Braidy Industries has selected a 380-acre site on the Ohio River near Ashland, KY, to build its $1.3 billion, 2.5-million-square-foot aluminum plant, according to Commercial Property Executive.
The company expects to break ground on the new factory in early 2018, making it the first greenfield aluminum rolling mill in the U.S. in more than 30 years. The estimated 370,000 tons of aluminum sheet and plate to be produced at the plant each year will serve the automotive and aerospace industries.
The plant could be eligible for up to $25 million in state incentives, with $10 million in tax breaks tied to investment and job creation goals throughout the next 15 years.
The Braidy deal is yet another in a recent a string of moves to expand U.S. manufacturing. Kentucky joins a growing group of states willing to offer steep tax breaks and other benefits to companies that invest in the manufacturing facilities that will create jobs and spur other development there.
In April, Braidy announced its plans to set up shop in eastern Kentucky. At the time, its CEO Craig Bouchard said the company decided to make the move after Gov. Matt Bevin signed a "right-to-work" policy into law and after state lawmakers repealed the state's prevailing wage laws.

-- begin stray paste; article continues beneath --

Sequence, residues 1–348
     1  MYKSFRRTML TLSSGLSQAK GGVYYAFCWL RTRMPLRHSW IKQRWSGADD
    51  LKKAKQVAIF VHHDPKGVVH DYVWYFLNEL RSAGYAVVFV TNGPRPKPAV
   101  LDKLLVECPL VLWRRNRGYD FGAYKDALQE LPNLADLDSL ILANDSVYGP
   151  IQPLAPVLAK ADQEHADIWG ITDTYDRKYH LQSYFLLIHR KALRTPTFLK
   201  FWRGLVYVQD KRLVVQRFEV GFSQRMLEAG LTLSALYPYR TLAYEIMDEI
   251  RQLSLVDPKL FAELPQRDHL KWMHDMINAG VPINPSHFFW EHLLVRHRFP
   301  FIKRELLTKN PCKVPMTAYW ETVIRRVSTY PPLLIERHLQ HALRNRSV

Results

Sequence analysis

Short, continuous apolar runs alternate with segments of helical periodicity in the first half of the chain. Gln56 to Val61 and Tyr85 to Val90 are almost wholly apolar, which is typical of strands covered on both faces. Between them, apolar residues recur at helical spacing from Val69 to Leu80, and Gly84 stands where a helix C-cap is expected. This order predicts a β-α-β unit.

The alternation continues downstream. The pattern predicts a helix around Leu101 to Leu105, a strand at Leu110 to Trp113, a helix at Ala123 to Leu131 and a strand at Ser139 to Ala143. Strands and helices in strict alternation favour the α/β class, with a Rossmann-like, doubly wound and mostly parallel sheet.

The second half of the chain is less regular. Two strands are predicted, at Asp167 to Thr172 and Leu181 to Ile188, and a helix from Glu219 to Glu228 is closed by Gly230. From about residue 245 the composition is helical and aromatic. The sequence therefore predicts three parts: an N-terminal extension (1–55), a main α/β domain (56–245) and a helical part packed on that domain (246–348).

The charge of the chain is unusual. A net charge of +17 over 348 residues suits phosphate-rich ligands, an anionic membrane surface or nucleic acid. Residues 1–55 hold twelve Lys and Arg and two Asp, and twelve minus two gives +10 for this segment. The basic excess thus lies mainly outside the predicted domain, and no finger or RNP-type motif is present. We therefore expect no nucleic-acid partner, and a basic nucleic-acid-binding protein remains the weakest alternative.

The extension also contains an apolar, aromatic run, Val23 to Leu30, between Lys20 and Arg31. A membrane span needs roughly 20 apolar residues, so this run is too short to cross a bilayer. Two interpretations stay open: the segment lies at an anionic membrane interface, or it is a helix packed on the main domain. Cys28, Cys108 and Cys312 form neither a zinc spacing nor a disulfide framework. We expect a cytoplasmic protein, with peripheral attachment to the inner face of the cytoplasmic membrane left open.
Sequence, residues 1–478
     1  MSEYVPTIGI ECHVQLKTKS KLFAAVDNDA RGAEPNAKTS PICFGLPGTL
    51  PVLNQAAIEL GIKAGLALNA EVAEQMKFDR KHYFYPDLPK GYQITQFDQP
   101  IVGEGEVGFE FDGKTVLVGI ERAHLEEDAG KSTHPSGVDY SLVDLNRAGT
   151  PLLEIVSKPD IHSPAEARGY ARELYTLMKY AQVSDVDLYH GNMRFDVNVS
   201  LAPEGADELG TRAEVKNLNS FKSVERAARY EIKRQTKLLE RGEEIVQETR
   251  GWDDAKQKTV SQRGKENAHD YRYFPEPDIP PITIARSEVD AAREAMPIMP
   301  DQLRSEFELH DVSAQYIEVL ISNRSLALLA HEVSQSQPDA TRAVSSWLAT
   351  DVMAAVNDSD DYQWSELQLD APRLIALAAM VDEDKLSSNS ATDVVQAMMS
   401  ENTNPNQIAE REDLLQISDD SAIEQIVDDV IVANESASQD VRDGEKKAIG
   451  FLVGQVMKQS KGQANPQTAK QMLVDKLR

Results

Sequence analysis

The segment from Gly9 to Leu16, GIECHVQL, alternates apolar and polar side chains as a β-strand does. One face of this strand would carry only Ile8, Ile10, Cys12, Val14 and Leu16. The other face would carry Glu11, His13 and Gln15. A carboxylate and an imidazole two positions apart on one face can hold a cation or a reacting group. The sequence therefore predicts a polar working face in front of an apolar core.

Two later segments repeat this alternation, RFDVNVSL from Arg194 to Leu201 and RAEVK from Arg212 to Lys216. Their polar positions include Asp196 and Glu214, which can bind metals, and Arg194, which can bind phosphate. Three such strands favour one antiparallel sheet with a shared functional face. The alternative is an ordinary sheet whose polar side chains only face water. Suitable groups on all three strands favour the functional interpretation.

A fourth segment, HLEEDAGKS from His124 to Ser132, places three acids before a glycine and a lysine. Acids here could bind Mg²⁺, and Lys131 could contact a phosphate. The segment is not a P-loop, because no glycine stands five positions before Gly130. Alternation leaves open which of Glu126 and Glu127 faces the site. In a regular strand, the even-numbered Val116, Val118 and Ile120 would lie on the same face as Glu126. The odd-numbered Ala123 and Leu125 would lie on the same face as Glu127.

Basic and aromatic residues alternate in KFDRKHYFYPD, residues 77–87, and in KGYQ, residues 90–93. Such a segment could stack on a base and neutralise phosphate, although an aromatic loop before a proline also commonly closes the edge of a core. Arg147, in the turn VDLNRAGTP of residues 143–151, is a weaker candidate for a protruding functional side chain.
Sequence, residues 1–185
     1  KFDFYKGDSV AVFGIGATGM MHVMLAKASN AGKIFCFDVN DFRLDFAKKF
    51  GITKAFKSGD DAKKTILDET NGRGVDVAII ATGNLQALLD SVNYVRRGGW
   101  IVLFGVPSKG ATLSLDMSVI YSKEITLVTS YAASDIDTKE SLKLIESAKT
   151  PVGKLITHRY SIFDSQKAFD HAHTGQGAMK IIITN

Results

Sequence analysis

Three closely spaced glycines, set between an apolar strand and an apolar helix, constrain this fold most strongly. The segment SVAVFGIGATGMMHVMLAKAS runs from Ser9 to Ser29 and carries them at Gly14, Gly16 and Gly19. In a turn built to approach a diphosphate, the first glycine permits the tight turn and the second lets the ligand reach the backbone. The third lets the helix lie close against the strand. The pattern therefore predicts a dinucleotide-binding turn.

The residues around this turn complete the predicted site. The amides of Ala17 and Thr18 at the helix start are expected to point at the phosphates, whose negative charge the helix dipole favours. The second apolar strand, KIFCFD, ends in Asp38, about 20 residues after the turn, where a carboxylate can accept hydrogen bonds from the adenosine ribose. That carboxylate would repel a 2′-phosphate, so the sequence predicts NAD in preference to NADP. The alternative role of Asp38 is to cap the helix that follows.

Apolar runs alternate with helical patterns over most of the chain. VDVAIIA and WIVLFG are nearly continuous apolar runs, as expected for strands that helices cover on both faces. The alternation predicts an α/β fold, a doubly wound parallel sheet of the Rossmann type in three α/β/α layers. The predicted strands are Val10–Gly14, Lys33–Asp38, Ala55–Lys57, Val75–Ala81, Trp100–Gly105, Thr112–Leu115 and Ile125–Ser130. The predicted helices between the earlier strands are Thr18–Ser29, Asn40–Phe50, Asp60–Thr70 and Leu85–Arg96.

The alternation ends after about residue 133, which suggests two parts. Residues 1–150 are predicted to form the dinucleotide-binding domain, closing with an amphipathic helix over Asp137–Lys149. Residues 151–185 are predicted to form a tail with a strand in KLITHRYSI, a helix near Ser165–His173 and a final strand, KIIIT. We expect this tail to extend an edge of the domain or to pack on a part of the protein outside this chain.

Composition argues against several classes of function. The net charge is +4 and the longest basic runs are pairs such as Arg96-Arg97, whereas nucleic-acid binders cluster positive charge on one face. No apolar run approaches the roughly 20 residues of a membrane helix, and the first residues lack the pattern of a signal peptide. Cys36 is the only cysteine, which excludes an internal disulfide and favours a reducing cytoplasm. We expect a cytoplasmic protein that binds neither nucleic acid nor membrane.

Earlier this week, Indiana offered a tax break and training package worth up to $3.6 million to entice Midwest Fertilizer to build a $2.8 billion factory in the state. In exchange for the financial incentives, the company said it would create 2,500 temporary construction jobs and 185 permanent positions once the factory is complete.
One of the biggest potential deals currently in development is one between Taiwanese electronics manufacturer Foxconn and the state of Wisconsin. Foxconn announced recently that it will invest $10 billion over five years in a flat-panel display factory in the state. In return, Wisconsin officials are offering up to $3 billion in tax credits over the next 15 years.
Though the factory is seen as a win for the state's manufacturing economy, Wisconsin taxpayers could end up paying $230,700 per worker for each of the 13,000 jobs Foxconn said it would create.